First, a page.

"I recommend everyone to try palabok. It's a noodle dish from the Philippines and it's my all time favourite. My mum always makes it when I go home, so you can see it’s my favourite! There is this place in West Auckland called Gold Ribbon that has lots of Filipino dishes. Highly recommend, support your Filipino community!"
Ashley is Samoan Chinese, attended an English-speaking international school but had a huge culture shock adjusting to Kiwi culture but also finding places to feel supported in connecting to her identity, like with PILSA (Pacific Island Law Student Association).
"I'm still trying to learn to be more proud and reclaim my culture…the values of family, being together, we care about serving communities, serving others, and respecting elders… so even if I don't feel like I'm Samoan enough, actually, the values I have are the same as other Samoans."
"In Hong Kong, me and my dad always ordered barbecue pork on rice. It’s char siu fan, that's the Cantonese way of saying it. So whenever you go to Hong Kong and you want barbecue pork on rice, you can say ‘I want char siu fan’ and they'll get it. But I'm vegetarian now, so that's off the table [laughs]. And then Samoan culture, there's this dish called lu’au. I’m always worried I pronounce it incorrectly. But it's banana leaf and coconut cream, and it's in tinfoil and it's cooked. And it's always best paired with taro."
Kat is a Lead Advisor for Equal Employment Opportunities Commissioner. An Iranian-Kurdish New Zealander and former child refugee with six degrees (a fact she is a bit embarrassed about), she was born after the 1979 Islamic Revolution, her family initially fled into Pakistan, before being resettled in Dunedin, which they were advised ‘was the best place for education for a young family in the country’.
"Persian food and Italian food on a par with each other? Persian Kebab Zereshk Polo Ba Morgh, which is a chicken and rice dish with barberries."
A self-titled “capitalist girl-boss by day and anarchist by night” of Syrian-Azeri-Russian identity, who was born and brought up in Russia but identifies as Arab. Her entire family are migrants and she is ‘still figuring out what it means to be Kiwi yet’.
"I assume positive in people, but sometimes I think when they ask about my ethnicity or where I belong, the sole reason why they're asking is to put me in some sort of a box so they can make a judgement about what sort of person I am and how to approach me. Ethnic person is kind of like calling someone exotic. It doesn't sit right with me and I don't know why…can I, like, not be anything? Can I be just a human? Can I be a woman of colour, but without having to explain my entire heritage to people?’"
While she’s figuring it all out, if you ever want to try out her favourite dish - Russian salad (Olivie) - a fancy version of potato salad, she promises to cook it for you.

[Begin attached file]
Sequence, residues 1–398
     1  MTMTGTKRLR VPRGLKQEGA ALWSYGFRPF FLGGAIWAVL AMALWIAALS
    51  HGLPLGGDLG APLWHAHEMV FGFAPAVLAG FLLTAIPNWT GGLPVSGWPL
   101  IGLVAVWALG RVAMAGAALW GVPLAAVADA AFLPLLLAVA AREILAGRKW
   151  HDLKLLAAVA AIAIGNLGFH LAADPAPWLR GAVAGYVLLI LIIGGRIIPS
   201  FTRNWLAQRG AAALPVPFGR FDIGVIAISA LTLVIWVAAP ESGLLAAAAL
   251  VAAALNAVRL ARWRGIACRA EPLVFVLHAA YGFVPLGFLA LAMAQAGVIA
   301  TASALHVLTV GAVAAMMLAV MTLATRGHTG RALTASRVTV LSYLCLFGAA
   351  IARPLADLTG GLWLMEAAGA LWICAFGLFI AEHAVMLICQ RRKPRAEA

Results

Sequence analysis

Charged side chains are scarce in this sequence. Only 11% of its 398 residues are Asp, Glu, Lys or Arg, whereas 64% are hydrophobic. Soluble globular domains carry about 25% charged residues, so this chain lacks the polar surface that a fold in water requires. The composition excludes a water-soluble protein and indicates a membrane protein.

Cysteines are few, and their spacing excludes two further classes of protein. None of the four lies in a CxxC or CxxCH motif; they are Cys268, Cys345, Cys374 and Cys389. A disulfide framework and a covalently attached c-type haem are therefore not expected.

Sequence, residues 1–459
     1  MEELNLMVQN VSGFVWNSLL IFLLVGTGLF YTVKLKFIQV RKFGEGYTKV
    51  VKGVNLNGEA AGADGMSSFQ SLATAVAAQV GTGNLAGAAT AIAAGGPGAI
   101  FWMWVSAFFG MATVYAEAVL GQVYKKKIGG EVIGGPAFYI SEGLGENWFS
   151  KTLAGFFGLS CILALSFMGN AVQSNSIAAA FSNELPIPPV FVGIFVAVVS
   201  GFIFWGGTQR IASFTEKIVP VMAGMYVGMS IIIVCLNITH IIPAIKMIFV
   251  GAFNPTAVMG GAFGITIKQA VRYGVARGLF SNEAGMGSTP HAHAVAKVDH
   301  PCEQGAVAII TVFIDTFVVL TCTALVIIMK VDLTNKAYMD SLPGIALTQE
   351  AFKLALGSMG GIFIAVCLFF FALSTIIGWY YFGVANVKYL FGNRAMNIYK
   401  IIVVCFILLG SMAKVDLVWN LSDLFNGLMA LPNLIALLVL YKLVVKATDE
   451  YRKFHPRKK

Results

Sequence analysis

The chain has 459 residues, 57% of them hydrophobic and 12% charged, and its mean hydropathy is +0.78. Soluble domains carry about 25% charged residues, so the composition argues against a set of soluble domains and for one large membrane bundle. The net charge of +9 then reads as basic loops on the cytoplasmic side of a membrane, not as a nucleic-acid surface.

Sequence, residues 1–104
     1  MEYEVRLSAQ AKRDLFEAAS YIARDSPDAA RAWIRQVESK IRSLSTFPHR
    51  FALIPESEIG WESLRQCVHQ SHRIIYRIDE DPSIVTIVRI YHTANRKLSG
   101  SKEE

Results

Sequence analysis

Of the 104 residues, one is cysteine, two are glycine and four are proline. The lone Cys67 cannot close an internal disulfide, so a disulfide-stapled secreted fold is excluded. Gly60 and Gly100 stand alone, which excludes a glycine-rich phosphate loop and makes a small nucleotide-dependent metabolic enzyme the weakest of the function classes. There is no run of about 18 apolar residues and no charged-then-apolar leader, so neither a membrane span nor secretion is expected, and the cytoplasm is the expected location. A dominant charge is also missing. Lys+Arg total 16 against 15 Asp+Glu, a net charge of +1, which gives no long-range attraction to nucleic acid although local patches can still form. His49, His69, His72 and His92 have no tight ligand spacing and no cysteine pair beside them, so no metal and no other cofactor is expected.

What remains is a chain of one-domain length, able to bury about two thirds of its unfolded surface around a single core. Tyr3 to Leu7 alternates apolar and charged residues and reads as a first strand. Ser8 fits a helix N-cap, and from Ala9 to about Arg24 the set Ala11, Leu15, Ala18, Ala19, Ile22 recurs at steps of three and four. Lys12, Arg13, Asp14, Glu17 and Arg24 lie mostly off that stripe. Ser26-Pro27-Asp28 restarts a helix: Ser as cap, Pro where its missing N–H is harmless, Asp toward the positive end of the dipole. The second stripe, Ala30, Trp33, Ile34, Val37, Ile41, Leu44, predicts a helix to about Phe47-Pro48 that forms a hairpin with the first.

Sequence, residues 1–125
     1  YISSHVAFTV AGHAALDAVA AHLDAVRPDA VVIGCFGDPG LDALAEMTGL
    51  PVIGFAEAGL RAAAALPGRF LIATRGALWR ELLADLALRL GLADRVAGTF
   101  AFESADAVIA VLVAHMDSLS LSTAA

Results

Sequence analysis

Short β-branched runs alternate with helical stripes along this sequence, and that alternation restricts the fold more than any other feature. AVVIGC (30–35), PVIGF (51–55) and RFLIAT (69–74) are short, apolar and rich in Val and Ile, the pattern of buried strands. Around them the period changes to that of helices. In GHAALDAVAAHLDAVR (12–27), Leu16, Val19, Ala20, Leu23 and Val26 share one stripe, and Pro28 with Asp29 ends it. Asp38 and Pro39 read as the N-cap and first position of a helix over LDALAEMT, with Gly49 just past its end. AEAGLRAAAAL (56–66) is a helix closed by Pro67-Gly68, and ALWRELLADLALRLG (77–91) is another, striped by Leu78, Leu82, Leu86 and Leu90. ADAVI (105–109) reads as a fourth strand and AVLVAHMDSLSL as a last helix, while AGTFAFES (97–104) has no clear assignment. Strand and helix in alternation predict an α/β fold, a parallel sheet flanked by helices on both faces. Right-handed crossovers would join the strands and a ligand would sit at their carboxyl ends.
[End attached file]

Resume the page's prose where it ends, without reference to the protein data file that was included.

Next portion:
Sun Min moved to New Zealand with her brother, and mum in 2003 from South Korea. At university, she was encouraged by friends to join the Union and cites how a fellow Asian woman finally felt supported after seeing her come on board to look after her site. More recently, she has been on a journey of learning about ADHB and Autism in her life.
"Getting to know different people and cultures really helps, instead of isolating yourself in a comfort zone of hanging out with who you know. Auckland is one of the most multicultural cities in the world. More than just enjoying people’s food, maybe get to know them. Just mingle a little bit more than just watching a K-drama or eating Korean food, just get to know us a little bit better. Then you may learn that we're just another human being. We may have an accent, but you may enjoy our company if you get to know us."
"Instant noodles/ramen. Oh, I recently learnt that the brand “Ottogi” hires everyone as permanent staff, not casuals. So I tried their noodles for the first time and it was a whole new world. I really like it. It’s the one called "Jin Ramen".
A South Aucklander coffee lover with strong connections to faith and the rainbow community, Andrew’s family comes from Samoa but also has Chinese ancestry. Growing up, his parents, worked day and night jobs.
“Mum used to clean at night and come home late. And I always remember that, she would bring home a tub of cream rice and it was such a treat."
"Not being able to speak Samoan felt quite shameful growing up in South Auckland. I feel a lot more ease with my cultural identity now. There's a little bit of stigma about how Samoan you are."
"I guess the more old-school thinking would say that being a kiwi means going to the BBQ and having your alcoholic drink, and talking about sports and… not talking about your feelings. I don’t actually identify with any of these things…I know all the other stuff that is cool about being a kiwi…having amazing diverse food at those BBQs."
"There is this really common and popular Samoan dish: chop suey. And it's quite nice because it's got a Chinese heritage as well. I'm biased and I think my mom makes it the best. A lot of soy sauce, a lot of flavours, a lot of ginger, and onion! It feels like home, it feels like comfort. There are places especially out South that do sell it. But usually, just ask an auntie and uncle or a friend at work who can get you some."